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7 Public Interest Charts made with Data.World

At least 18 million open datasets exist today. As data scientists and enthusiasts know, data is often expressed in ways that are incompatible and difficult to work with. We’ve all been there: spending long periods of time just preparing datasets for use, not knowing if someone may have already been through the trouble. has built a platform where problem solvers can find an array of interesting, high-quality datasets.

Once you find the dataset you are looking for, offers full Plotly integration. Simply click “open in app” and select Plotly:

There are a variety of other tools that you can analyze your dataset in, including Tableau and Excel among others. integrations

In this post, we’ll introduce you to this data resource by exploring datasets and making great charts with interesting, salient data.

1. College majors and post-graduate employment: a quick way to investigate what majors have the top employment rates.

Data source:

In our first graph, we investigate a dataset from FiveThirtyEight. It was used to generate data for FiveThirtyEight’s story on earnings by college major.

We learn that, among the most popular majors, that fine arts, psychology, and english language and literature have the highest unemployment rates. Conversely, when considering the least popular majors, educational administration, pharmacology, and geological and geophysical engineering have the lowest unemployment rates.

2. Most popular college majors and gender distribution: what popular majors have more women than men and vice versa?

Data source:

This grouped bar chart examines the gender distribution within the ten most popular college majors. The most popular college major is biology, which has a total enrollment of 280,709 in the United States — women account for over 60% of this figure. Nursing, the second most popular major with an enrollment of 209,394, is comprised of nearly 90% women. On the other hand, women account for 22% of enrollment in the third most popular major, computer science.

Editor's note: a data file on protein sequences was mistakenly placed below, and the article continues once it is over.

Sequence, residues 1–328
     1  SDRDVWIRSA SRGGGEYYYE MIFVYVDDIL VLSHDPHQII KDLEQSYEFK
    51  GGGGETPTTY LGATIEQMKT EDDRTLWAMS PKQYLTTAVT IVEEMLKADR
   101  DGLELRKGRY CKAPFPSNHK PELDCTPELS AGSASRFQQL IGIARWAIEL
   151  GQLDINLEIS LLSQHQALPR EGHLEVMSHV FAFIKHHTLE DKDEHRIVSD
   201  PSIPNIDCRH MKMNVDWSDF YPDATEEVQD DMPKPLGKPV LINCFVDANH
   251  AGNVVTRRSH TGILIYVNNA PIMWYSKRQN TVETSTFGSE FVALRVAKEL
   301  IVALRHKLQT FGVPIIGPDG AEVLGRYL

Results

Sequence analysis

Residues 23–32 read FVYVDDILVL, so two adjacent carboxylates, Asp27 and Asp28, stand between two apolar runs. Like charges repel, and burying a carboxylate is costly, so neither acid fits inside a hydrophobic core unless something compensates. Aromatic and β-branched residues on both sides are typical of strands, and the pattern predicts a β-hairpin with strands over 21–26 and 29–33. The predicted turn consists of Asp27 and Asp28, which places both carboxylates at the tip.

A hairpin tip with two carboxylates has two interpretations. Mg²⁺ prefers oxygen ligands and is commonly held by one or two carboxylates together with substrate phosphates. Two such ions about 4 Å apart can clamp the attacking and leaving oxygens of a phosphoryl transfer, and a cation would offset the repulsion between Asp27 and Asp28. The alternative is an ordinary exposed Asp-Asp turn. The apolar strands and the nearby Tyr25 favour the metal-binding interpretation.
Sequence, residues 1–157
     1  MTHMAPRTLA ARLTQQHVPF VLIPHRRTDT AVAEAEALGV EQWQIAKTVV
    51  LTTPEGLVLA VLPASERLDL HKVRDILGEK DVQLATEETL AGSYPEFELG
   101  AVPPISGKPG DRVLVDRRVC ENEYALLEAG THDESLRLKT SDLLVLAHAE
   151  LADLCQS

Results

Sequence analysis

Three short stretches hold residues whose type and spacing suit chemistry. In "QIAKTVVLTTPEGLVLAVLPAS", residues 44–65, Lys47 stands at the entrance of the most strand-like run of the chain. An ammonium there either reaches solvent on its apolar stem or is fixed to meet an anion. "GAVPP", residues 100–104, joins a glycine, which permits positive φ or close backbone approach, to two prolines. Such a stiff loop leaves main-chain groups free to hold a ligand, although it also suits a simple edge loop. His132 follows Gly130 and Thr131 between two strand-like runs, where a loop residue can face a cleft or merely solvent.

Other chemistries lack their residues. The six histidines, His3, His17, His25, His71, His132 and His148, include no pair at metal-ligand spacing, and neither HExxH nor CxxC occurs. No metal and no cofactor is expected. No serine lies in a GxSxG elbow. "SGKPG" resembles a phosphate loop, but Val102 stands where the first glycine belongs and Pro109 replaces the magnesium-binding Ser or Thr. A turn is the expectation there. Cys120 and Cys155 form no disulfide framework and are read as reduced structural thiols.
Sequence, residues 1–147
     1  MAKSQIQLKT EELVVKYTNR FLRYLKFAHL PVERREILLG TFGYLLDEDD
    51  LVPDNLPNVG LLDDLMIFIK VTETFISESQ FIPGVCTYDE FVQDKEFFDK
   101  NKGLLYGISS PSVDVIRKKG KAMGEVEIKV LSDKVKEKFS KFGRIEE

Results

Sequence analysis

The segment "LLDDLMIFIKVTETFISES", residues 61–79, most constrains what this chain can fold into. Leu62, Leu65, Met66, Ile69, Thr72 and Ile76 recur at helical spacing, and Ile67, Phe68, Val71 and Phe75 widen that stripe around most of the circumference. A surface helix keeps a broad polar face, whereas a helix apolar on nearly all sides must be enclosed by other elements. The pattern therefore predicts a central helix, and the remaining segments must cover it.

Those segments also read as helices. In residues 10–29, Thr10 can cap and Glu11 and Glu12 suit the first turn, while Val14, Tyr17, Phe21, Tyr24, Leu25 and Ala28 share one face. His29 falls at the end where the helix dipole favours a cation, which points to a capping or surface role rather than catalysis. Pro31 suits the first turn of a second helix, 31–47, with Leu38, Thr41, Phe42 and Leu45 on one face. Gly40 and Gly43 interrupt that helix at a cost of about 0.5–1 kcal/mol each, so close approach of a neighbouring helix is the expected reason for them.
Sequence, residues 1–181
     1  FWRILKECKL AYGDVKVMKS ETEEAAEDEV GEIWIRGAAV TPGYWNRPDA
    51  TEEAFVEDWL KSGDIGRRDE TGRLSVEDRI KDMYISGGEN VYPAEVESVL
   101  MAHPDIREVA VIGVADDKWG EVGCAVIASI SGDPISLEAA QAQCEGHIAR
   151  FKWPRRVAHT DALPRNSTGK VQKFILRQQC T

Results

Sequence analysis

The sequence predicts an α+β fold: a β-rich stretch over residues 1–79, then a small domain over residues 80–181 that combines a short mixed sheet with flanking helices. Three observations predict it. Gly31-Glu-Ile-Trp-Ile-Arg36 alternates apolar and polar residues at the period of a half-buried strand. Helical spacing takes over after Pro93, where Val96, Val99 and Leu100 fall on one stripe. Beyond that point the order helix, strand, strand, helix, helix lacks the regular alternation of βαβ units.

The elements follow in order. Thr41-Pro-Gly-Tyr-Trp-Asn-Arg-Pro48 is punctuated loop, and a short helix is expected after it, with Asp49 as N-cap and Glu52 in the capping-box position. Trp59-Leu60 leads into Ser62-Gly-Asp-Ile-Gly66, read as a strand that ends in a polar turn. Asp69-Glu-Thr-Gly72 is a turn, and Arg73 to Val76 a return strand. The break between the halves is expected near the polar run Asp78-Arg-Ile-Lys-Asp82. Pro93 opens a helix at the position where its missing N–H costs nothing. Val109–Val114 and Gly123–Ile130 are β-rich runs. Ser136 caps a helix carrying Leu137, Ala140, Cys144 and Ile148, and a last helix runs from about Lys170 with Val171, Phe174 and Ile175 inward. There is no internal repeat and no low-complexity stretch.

If you’re interested in learning about what type of chart best suits your dataset, see our recent post “Where science meets art,” which was featured in Medium’s Towards Data Science.

3. Men’s mile run records: who has the world’s fastest mile time?

Data source:

This scatter plot looks at the world’s fastest mile-run times since the early 1900s. It was May 1954, or nearly 64 years ago, when the 4-minute mile barrier was first breached. The current ‘fastest mile’ record has now stood for almost 19 years — an astounding 3 minutes and 43 seconds 🏃💨

4. Europe’s fastest growing companies with more than $0.5B revenue

Data source:

Inc. 5000 Europe ranks the continent’s fastest-growing private companies. Below, we include only the companies with revenue >$0.5B.

With over $5B in annual revenue, network energy services provider Kommunale Beteiligungsgesellschaft GmbH & Co KG (KSBG) leads list. KSBG offers “comprehensive energy services to all municipalities, covering all essential value-added stages.”

5. State lottery prize to income ratios: where might you have the most luck with a scratch card?

Data source:

West Virginia, South Dakota, Oregon, Delaware, and Rhode Island. What do these states have in common? Their lotteries have the lowest prize-to-income ratios in the United States. In fact, WV gave back a paltry $111,761,000 to lottery prize winners in 2014 while $654,542,000 was spent on games.

Massachusetts is the most generous state when it comes to lottery prizes, giving back 72% of what it takes in. Arkansas, with 71%, is the second most generous state.

6. Price for crude oil vs. what you pay at the pump: examining the relationship.

Data source:

Have you ever wondered about the price of crude oil in relation to what you are paying at the pump? Here, we break down a dataset that compares the cost of crude and gasoline over the last 30 years.

Overall, the change in price was very well correlated from the 1980s into the early 2000s. However, in the mid 2000s, the change in the price of fuel (at the pump) exceeded that of crude on the high side. There was another similar occurrence in the early 2010s.

The difference can at least be partially attributed to the fact that crude oil only comprises a portion of the cost that goes into making a gallon of gas. The refining step and then distribution of fuel also leads to the fluctuation of prices at the pump.

7. High school completion and bachelor’s degree attainment in the U.S. since 1940

Data source:

Did you know? In 1940, the high school completion rate for females in the United States was just 26.3%! 75 years later, that number increased over three-fold and was sitting at nearly 90% in early 2016.

As of early 2016, females were also graduating with a bachelor’s degree more frequently than men: 33.7% to 33.2%. That wasn’t the case in 1940; men accounted for 5.5% and women 3.8%.

Here’s a little rundown:

1940 graduation rates [High school | bachelor’s]

Male: 22.7% |5.5%

Female: 26.3% |3.8%

2016 graduation rates [High school | bachelor’s]Male 88.5% | 33.2%

Female 89.6% | 33.7%

Inspired by the diversity of the data and some of the graphs in this post? Dig into it on



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